For affirmance -- Chief Justice Weintraub, Justices Jacobs, Proctor, Hall, Mountain and Sullivan and Judge Conford. For reversal -- None. The opinion of the Court was delivered by Jacobs, J.
[63 NJ Page 201] The defendant was found by the Burlington County Court to be a disorderly person for having possessed small quantities of marihuana and hashish in violation of N.J.S.A. 24:21-20(a)(3). He received a suspended jail term of three months and was placed on probation for a year with direction that he pay a fine of $250 in installments through the probation department. He appealed to the Appellate Division and that court reversed, in an unreported opinion which concluded that the County Court "was without jurisdiction to try the defendant as a disorderly person and that the guilty finding and sentence thereafter imposed were illegal under the case of State v. McGrath, 17 N.J. 41 (1954)." We granted certification (62 N.J. 260 (1973)) for the purpose of passing on whether McGrath, which has long been the subject of question, should not now be replaced by a more suitable judicial approach. See Knowlton, "Criminal Law and Procedure," 10 Rutgers L. Rev. 97, 98-99 (1955); State Bar Committee Report, Criminal Law, 77 N.J.L.J. 408 (1954); Proposed New Jersey Penal Code Vol. I: Report and Penal Code, pp. 7-8;
Vol. II: Commentary, pp. 24-26 (1971); cf. State v. Currie, 41 N.J. 531, 546-547 (1964).
During the night of August 9, 1971 two State Troopers, while on patrol in Wrightstown, saw a yellow Ford van in an area known to be a hangout for narcotics users. They saw the defendant and Stanley Wesley standing next to an open door on the right side of the van. Its owner and driver, Larry Pesacreta, was in the van occupying the driver's seat. Apparently the defendant and Wesley saw the troopers and they walked hurriedly away. One of the troopers went after them while the other trooper observed a brown paper bag being thrown from the van by Pesacreta. The bag was retrieved and it was found to contain a total of 73.95 grams of marihuana and 18.44 grams of hashish. The trooper who went after the defendant and Wesley apprehended them and both were searched. Wesley had no narcotics on his person but the defendant had 2.89 grams of marihuana and .49 grams of hashish. N.J.S.A. 24:21-20(a)(3) provides that one who violates its terms by possession of more than 25 grams of marihuana or more than 5 grams of hashish "is guilty of a high misdemeanor" and that one who violates by possession of 25 grams or less of marihuana or 5 grams or less of hashish "is a disorderly person."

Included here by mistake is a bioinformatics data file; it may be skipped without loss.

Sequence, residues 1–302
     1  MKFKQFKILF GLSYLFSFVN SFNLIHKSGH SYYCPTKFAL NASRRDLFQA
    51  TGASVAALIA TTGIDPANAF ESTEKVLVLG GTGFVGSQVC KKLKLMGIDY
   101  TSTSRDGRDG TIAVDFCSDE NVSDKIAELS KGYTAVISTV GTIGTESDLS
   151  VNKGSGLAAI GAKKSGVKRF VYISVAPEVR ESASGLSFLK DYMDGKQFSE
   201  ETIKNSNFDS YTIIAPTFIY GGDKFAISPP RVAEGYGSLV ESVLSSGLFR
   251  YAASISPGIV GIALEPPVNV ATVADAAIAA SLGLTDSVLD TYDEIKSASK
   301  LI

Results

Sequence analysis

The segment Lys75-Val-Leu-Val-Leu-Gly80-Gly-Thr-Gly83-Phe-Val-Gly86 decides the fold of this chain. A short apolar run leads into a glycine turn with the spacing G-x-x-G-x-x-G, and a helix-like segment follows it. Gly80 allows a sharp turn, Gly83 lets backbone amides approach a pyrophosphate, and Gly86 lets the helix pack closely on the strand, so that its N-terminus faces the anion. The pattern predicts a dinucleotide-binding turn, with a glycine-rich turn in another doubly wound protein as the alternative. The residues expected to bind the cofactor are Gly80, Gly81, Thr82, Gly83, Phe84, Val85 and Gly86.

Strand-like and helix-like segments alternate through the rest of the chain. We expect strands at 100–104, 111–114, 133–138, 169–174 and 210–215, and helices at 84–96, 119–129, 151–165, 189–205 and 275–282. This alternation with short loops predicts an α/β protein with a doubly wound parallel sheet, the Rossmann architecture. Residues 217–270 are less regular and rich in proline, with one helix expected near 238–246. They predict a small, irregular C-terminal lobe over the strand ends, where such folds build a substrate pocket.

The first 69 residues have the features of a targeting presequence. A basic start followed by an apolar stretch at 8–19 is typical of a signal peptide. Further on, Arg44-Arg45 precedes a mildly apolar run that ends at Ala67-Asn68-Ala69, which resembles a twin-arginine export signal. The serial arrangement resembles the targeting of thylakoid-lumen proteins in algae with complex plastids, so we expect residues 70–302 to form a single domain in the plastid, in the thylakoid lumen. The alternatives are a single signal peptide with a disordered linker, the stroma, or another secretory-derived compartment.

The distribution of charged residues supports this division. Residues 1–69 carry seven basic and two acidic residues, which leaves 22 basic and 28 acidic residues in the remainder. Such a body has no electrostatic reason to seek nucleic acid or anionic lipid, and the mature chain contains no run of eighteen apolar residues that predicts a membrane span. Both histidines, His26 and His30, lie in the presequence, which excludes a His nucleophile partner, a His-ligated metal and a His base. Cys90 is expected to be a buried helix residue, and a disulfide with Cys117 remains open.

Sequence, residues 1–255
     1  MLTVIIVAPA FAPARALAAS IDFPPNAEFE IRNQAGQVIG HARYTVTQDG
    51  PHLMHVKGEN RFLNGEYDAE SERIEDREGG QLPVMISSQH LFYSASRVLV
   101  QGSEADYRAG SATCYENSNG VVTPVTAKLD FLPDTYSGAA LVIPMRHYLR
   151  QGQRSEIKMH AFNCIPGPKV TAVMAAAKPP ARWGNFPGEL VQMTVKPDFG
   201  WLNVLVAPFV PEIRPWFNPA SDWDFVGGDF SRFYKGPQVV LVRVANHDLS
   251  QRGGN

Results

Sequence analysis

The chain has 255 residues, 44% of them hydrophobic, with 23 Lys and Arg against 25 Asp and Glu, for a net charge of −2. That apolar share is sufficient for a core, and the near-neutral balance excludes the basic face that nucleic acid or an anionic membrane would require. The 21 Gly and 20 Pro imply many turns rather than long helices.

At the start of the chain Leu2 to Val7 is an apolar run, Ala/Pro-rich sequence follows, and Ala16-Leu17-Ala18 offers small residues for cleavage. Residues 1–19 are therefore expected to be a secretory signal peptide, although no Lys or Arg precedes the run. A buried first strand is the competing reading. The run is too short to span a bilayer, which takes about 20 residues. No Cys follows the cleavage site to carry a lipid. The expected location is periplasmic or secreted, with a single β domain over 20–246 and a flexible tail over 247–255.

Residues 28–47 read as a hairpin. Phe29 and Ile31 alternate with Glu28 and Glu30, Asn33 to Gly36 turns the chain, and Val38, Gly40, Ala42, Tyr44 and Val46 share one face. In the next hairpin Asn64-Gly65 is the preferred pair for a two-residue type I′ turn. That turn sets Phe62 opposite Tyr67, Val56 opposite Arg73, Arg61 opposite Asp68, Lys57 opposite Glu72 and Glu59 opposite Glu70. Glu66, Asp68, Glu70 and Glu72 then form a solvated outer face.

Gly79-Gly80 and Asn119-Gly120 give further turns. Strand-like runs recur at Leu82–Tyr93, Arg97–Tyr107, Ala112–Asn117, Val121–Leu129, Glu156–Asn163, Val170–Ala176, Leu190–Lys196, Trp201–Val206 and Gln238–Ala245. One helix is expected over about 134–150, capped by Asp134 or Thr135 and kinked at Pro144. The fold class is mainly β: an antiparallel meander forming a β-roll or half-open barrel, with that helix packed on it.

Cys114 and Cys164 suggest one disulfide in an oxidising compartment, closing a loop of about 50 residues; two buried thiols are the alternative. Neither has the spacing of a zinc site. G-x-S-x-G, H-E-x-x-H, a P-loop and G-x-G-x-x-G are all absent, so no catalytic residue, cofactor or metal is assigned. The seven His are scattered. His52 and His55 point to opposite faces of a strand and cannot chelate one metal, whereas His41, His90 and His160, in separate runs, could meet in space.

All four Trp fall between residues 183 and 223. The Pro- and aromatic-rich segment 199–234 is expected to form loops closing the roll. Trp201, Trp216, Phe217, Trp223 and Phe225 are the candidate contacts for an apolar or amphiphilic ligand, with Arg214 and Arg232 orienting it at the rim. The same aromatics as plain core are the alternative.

The State proceeded on the theory that the marihuana and hashish in the bag thrown from the van was jointly possessed by Pesacreta and the defendant Saulnier. They were both named in a single indictment which charged, in count one, that they unlawfully possessed over 25 grams of marihuana and, in count two, that they unlawfully possessed over 5 grams of hashish. On motion, the two counts were consolidated into one count charging possession of the marihuana and hashish. Pesacreta pleaded guilty and the matter came on for trial against the defendant Saulnier who elected to waive a jury and proceed before the trial judge. At the close of the State's testimony, counsel for Saulnier moved to dismiss on the ground that the State had not established
that Saulnier was in joint possession of the narcotics with Pesacreta. The trial judge agreed and dismissed the high misdemeanor charge in the indictment. But instead of terminating the entire proceeding he ruled that he could proceed with trial of the issue of whether the defendant's possession on his person of the 2.89 grams of marihuana and the .49 grams of hashish rendered him a disorderly person under N.J.S.A. 24:21-20(a)(3). Defense counsel objected, urging that the defendant was never "on notice" that he was being charged as a disorderly person for the possession of the small quantities of narcotics allegedly found on his person; defense counsel also urged that under McGrath, supra, 17 N.J. 41, the trial judge could not convict the defendant of disorderly conduct as "a lesser included offense." These contentions were rejected and the defense then proceeded with its testimony which included a specific denial by the defendant that he possessed marihuana or hashish on his person as testified to by the trooper. The trial judge found the trooper's testimony to be credible and, as aforestated, found the defendant to be a disorderly person.